Installing the intake (supercharger unit). Pretty straightforward after doing everything else. Put it on the lower intake and bolt it down with the supplied bolts. However there is -one- bolt, under the cast aluminum intake that you only have a few inches to get to and tighten down with an Allen wrench. My hands were physically to large to fit in the space. Luckily my daughter was able to assist with her smaller hands. (If anything, this is the number one complaint I have with the system. There HAS to be a better way to get to that bolt...)

Installing the belt was the next step. I noticed that the pulley I installed earlier looked a little off, but it was getting dark so I didn't think twice.... turns out, I hadn't tightened it down all the way and due to the light I didn't notice it hadn't bottomed out. I was going by all of the other bolts that were 10nm torque.. It must have hit a burr which caused it to get to that point where I stopped... (my fault for not paying more attention here..)

Got the new MAP reinstalled, purge vacuum line (which didn't fit the barb fitting very well) and brake booster all installed and verified.

PCM Programming
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Used the diablo and programmed the computer. There was really only one option. Sprintex Supercharger. Total programming time took about an hour and a half for everything. It took about 5 times between programming, loading and verifying to finish.

Startup
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The jeep started right up, first turn of the key.....and then all of a sudden the dash lit up like a Christmas tree and I turned it off quickly... Turns out the belt had slipped off the pulley (that I didn't tighten enough) and ended up shredding itself all over the engine.

There was enough belt left for me to re-adjust everything and try again... but not enough for me to feel comfortable driving it. So I got the pulley correct, adjusted the belt and this time everything worked perfectly. At this point I stopped for the evening. First thing in the morning I bought a new belt, got it installed and went for the test drive.

Test Drive
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The last vehicle I had driven before the test drive was my RX-8, so I was a bit underwhelmed when I did start the test drive. There was a satisfying supercharger noise starting at about 2k RPMS. I wasn't really sure if there was much more power or not -- but everything worked properly, no CEL, etc...

I did some more driving later that day and I could start to feel more power while driving. I don't know if this is because I was getting used to the Jeep or if the computer was learning as I drove and was giving me more power.

The power gains (without the intercooler) are certainly modest.. But on the freeway (70 MPH limit) near me there is a hill that the Jeep always lugged down on. It can now hold it's speed without me down shifting. So that was one of my immediate goals. It still doesn't have enough power to accelerate (much) in 6th, but in 5th gear I can -easily- pass most other vehicles, including driving into the wind and uphill. So I certainly do not have any regrets with the upgrade.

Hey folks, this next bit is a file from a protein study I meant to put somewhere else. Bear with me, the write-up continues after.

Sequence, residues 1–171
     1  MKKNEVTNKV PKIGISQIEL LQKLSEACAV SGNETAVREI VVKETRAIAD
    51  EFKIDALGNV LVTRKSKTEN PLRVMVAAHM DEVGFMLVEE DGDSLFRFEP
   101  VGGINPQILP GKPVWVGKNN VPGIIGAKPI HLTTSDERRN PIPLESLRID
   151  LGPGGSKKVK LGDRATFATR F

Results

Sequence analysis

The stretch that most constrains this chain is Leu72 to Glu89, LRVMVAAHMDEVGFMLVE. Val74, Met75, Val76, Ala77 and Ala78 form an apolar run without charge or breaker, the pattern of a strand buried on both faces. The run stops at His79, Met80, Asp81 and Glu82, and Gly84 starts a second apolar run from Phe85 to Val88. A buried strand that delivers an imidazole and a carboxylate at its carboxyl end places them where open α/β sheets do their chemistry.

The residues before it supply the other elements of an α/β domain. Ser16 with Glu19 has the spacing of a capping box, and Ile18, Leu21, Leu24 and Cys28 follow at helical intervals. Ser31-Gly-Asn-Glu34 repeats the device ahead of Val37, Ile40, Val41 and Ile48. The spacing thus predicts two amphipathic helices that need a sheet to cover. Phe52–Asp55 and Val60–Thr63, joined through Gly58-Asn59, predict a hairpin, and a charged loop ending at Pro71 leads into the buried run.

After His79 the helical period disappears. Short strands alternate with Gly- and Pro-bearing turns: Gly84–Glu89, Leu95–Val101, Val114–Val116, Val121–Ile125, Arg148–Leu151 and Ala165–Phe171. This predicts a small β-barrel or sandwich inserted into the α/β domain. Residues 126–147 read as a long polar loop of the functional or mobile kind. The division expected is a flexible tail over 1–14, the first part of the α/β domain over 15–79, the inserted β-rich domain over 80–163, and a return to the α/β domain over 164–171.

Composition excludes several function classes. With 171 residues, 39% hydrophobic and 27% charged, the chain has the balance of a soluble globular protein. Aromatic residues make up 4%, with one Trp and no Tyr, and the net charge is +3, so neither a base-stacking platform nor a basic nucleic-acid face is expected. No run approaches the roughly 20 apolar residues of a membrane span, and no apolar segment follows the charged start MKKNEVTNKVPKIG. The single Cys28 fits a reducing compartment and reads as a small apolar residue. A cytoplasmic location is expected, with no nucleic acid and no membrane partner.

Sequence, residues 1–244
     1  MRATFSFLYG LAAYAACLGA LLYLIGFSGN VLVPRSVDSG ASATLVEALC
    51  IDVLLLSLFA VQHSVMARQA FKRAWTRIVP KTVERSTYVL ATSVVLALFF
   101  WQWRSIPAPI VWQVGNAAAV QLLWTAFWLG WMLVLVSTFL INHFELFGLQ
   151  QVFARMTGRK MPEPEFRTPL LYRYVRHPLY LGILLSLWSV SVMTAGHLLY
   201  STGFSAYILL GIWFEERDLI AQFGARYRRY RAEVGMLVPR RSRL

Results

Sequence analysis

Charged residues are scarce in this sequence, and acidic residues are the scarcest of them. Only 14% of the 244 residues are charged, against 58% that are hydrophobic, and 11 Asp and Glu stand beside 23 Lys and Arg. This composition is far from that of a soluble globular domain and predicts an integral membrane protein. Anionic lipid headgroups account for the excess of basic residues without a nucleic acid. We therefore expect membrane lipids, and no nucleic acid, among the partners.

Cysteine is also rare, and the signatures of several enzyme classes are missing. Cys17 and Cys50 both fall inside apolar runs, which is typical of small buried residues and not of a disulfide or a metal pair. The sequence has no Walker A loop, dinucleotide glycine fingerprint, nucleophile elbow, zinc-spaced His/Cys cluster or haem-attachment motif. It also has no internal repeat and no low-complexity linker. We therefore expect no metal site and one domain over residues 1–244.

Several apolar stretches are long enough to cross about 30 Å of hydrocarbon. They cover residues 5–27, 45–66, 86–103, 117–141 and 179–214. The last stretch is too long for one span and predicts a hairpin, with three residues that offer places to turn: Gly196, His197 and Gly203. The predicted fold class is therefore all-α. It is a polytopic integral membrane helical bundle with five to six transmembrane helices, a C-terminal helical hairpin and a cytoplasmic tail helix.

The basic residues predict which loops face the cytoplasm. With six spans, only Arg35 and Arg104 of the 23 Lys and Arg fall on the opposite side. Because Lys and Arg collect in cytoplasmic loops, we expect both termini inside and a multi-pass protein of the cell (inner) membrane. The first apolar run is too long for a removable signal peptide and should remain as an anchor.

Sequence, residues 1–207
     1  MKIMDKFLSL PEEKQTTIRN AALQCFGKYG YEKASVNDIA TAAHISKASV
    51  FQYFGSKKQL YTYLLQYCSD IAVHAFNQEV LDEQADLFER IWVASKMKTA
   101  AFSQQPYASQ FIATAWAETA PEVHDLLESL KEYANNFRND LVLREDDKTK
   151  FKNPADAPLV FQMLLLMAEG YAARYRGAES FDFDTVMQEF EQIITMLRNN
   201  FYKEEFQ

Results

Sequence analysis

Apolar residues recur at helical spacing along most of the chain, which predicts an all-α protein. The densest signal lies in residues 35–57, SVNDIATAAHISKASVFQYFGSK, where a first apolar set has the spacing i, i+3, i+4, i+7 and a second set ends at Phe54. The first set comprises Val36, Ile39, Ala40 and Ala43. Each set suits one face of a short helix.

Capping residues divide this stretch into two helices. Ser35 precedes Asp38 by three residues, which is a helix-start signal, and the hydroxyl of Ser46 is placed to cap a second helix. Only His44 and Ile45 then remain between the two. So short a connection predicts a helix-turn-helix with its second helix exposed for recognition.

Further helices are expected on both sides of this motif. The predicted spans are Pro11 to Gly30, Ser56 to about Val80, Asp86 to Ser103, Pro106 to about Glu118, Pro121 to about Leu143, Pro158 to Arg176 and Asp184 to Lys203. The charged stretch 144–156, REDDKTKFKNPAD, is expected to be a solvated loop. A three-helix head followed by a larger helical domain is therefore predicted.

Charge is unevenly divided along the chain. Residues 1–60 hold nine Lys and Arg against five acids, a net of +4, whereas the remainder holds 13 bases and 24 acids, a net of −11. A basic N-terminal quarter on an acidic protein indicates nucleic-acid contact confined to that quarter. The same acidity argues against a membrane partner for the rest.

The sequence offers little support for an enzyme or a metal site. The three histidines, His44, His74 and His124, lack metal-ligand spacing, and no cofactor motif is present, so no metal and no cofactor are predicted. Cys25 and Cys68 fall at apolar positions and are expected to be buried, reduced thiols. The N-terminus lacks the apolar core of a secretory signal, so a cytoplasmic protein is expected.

There were reports of surging with the cruise control. I did play with it, and there is minor surging. It feels like the computer is over correcting the pedal deceleration/acceleration for the cruise. It's not that bad, but if you or a passenger gets car sick -- I could see it being a problem for some.

Driving with the pedal, I didn't experience any surging.. there were a few times where it felt like the computer was still learning and being cautious, when all of a sudden it would accelerate through a 'low' spot in the fuel map.. but next time it didn't have that problem. (I've only driven 100 miles on it since installing the supercharger, but each time I drive it -- it seems to be getting better and smoother.)

Finally idle. The idle is significantly more stable then it was before the upgrade. I know this is minor, but sitting waiting in a parking lot with the A/C on.. before it would idle down and shutter slightly.... it no longer does this, and I've checked and the idle is down in the 600-650 range.

So all-in-all, my review of the Sprintex install w/o intercooler went well. The performance wasn't as much as I was hoping for, but it certainly improves the overall driving experience.

When the intercooler shows up, I will update this experience with more information.
 

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Discussion Starter #2
Update. Got the intercooler in the mail on Thursday and got it installed yesterday.

Installation
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General instructions were fairly straight forward. However there are a few things I would do a bit differently then the order in the instructions.

The EGR tube. Install this -before- you install the belt. It is much easier to position everything.

The intercooler bracket on the -bottom-. Install this before the upper bracket/intercooler. If it does not fit, there is some plastic at the bottom (air dam?).. Make sure you have that clear and then it should fit well.